Close examination of data and imagery collected during NASA’s Dawn mission indicates the dwarf planet Ceres, the largest body in the asteroid belt, was geologically active with a unique form of cryovolcanism in the relatively recent past, researchers report in papers published by Nature Astronomy, Nature Geoscience and Nature Communications.
The research contradicts the long-held idea that small bodies, in the absence of heat-generating gravitational stresses, are not geologically active. To the contrary, Ceres may still be active today.
The conclusions are based on a detailed study of Occator Crater, a 92-kilometre-wide (57-mile-wide) impact structure that was blasted out some 22 million years ago. Occator generated widespread attention during Dawn’s approach to Ceres when long-range images showed two unusually bright, white features in the crater.
Based on high-resolution, close-range images captured later in Dawn’s mission, the researchers were able to characterise “a very complex structure with elevations, a large central depression, deposits, cracks and furrows,” said Andreas Nathues of the Max Plank Society and principal investigator of Dawn’s camera team.
“In all its details, this became clear only during the final phase of the mission,” he added. “From the crater’s current morphology, we can reconstruct its evolution and thus take a look at Ceres’ eventful past.”
And an eventful past it was.
Occator Crater initially had a central peak that eventually collapsed. About 7.5 million years ago, brine erupted to the surface amid the remnants of that peak. The water quickly evaporated and left behind bright carbonate deposits. The central region of the crater then subsided.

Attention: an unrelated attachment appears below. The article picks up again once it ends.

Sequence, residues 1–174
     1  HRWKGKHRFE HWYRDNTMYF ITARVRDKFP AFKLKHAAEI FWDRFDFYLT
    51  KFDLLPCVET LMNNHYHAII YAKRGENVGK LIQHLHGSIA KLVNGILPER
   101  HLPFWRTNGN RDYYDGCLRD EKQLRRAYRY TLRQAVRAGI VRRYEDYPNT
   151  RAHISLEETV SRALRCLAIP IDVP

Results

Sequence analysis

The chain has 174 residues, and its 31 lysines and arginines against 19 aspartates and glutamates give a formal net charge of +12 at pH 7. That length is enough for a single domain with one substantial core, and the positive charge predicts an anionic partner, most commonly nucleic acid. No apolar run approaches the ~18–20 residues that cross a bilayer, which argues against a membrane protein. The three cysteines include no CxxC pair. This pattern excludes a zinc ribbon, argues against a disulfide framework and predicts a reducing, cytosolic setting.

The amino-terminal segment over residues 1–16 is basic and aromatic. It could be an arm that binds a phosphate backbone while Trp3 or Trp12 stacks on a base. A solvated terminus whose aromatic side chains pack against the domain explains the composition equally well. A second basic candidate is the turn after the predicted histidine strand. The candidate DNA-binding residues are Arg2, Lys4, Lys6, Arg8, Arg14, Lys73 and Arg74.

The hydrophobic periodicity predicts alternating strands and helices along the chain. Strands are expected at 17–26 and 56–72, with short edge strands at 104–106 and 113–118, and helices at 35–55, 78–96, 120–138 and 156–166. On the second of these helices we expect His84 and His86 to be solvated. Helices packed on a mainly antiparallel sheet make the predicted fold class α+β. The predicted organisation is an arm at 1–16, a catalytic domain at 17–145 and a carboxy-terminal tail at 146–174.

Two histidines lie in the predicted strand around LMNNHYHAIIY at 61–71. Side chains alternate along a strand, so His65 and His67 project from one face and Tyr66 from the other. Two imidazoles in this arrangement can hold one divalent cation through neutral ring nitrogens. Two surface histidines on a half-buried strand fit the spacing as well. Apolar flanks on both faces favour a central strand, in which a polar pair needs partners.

In the few million years that followed, brine again rose to the surface through cracks and furrows, leaving additional deposits near the eastern edge of the crater. Then, about two million years ago, more brine rose to the surface in the central depression, forming a dome of bright material.
The researchers identified two primary pathways for liquid to reach the surface. For the large deposit at the center of Occator, known as Cerealia Facula, “the bulk of the salts were supplied from a slushy area just beneath the surface that was melted by the heat of the impact that formed the crater,” said Carol Raymond, Dawn principal investigator at NASA’s Jet Propulsion Laboratory.
The impact also ripped large fractures that could reach a deep, long-lived reservoir of salty water, “allowing brine to continue percolating to the surface,” she said.
The conclusions are supported by gravity measurements indicating a reservoir of liquid brine about 40 kilometres (25 miles) below the surface. Based on those and other data, “we assume that Ceres is still occasionally cryovolcanically active,” Nathues said.